theory stops there? For example, assuming that texts with intentions can be corrupted,
textual-biographical critics claim that a valid interpretation must reconstruct the author's
composing process and thus they are consistent with their theory in advocating the close
examination of manuscript stages and biographical evidence in the act of interpretation.
Here methodological consequences follow logically from an intentionalist theory. See Hershel
Parker, Flawed Texts and Verbal Icons: LiteraryAuthorityin AmericanFiction (Evanston, Ill.,
1984).
23. Fish, "Fear of Fish: A Reply to Walter Davis," CriticalInquiry 10 (June 1984): 705.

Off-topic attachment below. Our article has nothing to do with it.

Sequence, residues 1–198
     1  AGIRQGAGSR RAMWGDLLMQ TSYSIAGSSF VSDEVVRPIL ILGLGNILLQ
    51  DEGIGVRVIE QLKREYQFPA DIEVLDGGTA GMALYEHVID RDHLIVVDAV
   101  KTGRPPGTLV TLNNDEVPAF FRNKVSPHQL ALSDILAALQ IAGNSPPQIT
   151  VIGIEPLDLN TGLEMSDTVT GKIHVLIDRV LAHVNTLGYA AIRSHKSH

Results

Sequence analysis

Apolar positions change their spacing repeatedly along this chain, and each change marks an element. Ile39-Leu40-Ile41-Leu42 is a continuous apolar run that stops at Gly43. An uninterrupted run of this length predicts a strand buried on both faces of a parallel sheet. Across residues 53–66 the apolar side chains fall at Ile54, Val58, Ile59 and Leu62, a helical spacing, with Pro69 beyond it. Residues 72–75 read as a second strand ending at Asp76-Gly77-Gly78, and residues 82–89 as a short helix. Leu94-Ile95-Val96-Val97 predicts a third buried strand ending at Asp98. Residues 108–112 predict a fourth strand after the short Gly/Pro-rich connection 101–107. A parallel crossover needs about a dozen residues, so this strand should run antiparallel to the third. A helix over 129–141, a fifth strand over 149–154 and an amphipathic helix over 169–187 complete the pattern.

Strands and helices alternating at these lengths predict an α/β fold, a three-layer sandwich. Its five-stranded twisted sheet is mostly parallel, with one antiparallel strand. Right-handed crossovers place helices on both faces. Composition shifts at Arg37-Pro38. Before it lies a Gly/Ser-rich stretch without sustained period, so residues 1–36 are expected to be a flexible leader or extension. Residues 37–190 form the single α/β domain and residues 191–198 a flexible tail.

24. See Fish, Is There a Text?, pp. 356-70, and "Fear of Fish," pp. 701-3. Also, cf.
Thomas S. Kuhn, The Structure of ScientificRevolutions, 2d ed. (Chicago, 1970), pp. 15259 and 198-206. On "argument fields" and related concepts, see Charles Arthur Willard,
Argumentationand the Social Grounds of Knowledge (University, Ala., 1983), esp. pp. 5-11
and 89-91.
25. This distinction is nicely elaborated in Rorty, Philosophyand the Mirror of Nature
(Princeton, N.J., 1979), pp. 5-6.
26. Relevant here is the intersection of Hans-Georg Gadamer's hermeneutics with
Chaim Perelman's rhetoric. Cf. Gadamer's analysis of tradition and interpretation throughout
his Truthand Method, trans. and ed. Garrett Barden and John Cumming (New York, 1975),
e.g., pp. 250-51, and the analysis of tradition and argumentation in Perelman and Lucie
Olbrechts-Tyteca, The New Rhetoric:A Treatiseon Argumentation,trans. John Wilkinson and
Purcell Weaver (Notre Dame, Ind., 1969), e.g., pp. 464-65. See also Fish, "Short People